Spouse checking account

by jp

I live in Ohio and have several unpaid debts that were incurred before our marriage. Can my creditors garnish her bank account to pay for my old debt? I sign over my paychecks to her for deposit.

Reply from DebtCollectionAnswers.com:

JP - What types of debts are you talking about? How old are they? Are there any judgments against you?

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Oct 25, 2011
by: Anonymous

Mostly credit card debt but there is also a loan for a significant amount. They are about 5 years old now and not sure about any judgments. Could not find any judgments on my credit report that I pulled about a year ago or in the county in another state I use to live in. Thanks.

Oct 30, 2011
Spouse's bank account and debts
by: DebtCollectionAnswers.com

JP -

We cannot offer legal advice specific to your situation. But generally, creditors cannot go after the individual assets of one spouse to collect another spouse's individual debts, unless they live in a community property state.

However, it sounds like you are getting worried that the creditor are going to try to take legal action against you. For that reason, it would be be a good idea for you to at least get a consultation with a bankruptcy attorney to find out specifically what these creditors can and cannot do to collect from you. An attorney should be able to give you an idea of what property you may own may be at risk, and what your options may be for dealing with these debts.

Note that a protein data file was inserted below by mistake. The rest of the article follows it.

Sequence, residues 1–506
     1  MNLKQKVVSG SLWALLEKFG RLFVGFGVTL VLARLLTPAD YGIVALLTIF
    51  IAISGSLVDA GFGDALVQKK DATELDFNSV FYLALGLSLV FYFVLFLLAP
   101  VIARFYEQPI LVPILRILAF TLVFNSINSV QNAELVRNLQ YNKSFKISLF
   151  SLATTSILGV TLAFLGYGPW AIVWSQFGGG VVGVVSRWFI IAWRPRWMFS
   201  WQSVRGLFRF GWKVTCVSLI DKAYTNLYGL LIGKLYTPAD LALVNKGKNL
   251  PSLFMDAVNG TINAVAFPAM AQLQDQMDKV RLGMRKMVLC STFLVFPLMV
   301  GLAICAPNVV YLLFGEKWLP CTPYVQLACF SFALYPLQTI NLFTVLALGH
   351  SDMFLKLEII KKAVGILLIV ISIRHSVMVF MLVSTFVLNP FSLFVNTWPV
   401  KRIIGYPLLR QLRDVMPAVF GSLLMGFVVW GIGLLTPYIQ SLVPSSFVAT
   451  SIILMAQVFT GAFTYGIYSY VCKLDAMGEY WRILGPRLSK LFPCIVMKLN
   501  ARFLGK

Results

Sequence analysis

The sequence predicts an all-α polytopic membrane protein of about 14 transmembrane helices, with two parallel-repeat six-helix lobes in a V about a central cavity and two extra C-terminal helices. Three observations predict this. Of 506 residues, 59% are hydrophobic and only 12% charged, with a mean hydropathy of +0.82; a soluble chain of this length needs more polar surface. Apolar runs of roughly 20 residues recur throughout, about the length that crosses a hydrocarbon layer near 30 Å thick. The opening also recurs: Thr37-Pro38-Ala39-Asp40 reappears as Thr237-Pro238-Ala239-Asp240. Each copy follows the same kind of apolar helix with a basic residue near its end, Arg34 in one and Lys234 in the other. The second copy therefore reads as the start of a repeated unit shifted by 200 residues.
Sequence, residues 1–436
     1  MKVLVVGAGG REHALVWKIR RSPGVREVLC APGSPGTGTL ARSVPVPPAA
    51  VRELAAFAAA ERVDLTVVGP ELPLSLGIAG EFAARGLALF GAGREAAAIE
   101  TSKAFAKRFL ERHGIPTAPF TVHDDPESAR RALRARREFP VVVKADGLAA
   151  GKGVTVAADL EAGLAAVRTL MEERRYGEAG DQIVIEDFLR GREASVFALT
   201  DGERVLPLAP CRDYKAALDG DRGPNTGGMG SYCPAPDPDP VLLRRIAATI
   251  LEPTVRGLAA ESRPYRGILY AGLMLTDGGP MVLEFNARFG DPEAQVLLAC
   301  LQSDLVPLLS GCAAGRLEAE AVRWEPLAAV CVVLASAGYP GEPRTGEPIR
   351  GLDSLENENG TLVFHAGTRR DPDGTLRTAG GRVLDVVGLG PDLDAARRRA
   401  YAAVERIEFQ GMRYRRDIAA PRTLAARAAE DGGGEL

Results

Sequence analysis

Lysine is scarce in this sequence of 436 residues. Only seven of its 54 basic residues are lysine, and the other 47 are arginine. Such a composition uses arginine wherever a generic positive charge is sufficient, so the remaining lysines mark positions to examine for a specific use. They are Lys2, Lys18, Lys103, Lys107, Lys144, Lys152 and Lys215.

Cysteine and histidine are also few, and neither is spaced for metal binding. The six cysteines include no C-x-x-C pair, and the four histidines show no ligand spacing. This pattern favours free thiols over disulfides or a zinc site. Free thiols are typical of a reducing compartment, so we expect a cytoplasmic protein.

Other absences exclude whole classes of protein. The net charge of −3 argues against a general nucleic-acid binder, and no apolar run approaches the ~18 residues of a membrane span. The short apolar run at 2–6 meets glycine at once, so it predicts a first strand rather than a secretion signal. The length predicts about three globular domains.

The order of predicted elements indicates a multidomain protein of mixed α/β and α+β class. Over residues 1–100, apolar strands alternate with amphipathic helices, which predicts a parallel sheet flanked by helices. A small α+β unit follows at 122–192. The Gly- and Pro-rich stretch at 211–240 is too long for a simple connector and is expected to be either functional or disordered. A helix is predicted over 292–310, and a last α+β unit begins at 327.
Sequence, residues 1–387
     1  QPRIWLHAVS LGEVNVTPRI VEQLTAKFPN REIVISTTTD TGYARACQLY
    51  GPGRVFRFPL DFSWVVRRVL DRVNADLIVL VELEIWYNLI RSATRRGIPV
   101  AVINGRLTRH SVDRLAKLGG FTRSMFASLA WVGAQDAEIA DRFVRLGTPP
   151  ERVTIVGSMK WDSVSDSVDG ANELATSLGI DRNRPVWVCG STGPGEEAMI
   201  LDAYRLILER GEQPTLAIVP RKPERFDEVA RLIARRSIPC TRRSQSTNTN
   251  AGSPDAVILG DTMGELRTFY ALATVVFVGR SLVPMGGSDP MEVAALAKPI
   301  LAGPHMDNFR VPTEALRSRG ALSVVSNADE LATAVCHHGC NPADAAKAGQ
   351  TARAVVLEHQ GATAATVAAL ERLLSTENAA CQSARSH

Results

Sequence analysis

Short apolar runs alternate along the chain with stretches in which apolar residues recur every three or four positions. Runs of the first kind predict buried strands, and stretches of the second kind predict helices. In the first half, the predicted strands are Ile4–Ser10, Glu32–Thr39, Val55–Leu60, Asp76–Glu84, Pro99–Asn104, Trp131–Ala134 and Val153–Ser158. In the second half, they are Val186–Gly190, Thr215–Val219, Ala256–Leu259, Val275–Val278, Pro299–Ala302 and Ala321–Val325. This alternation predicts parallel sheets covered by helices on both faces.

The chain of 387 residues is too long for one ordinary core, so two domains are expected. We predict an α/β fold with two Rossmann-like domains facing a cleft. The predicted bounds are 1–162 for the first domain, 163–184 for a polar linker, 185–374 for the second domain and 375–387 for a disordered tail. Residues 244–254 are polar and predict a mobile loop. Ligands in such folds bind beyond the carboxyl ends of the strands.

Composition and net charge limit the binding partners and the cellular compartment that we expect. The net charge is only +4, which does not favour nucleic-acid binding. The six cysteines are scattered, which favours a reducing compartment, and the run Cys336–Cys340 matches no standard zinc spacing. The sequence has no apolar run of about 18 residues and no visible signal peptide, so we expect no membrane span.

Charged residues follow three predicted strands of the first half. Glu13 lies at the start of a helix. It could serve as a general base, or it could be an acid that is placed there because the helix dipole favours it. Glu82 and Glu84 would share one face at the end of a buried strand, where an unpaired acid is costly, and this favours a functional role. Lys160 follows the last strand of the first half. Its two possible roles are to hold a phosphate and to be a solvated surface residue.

You don't state how much you owe, or how much you can afford to pay. But another option you may want to look into is settling these debts with the collection agencies so you can put them behind you.

Learn more in our debt settlement podcast.

Nov 01, 2011
Community property
by: Anonymous

Interesting thing about the community property laws here:

Five years ago, my dad co-signed a car loan for my stepsister's best friend. Fast forward to last year, the car was wrecked, and the woman not quit paying on it, she put none of the insurance payout towards the cost. (Later we learned the payout would more then have covered the remainder of the the loan.)

Dad had remarried just under a year before the collections company filed suit. According to the WA state community property laws, my stepmother owes no money on the loan because her name is on none of the paperwork (Dad didn't even know her at the time) and the original debt was incurred before their marriage.

It's really worth checking out exactly what the laws in Ohio say.

Reply from DebtCollectionAnswers.com:

That's a good point. Sometimes we feel like a broken record saying, "Talk with an attorney," but often there are nuances in people's situations that make a difference in whether they are still liable for the debt or not. And an experienced consumer law attorney can usually hone in on those pretty quickly!

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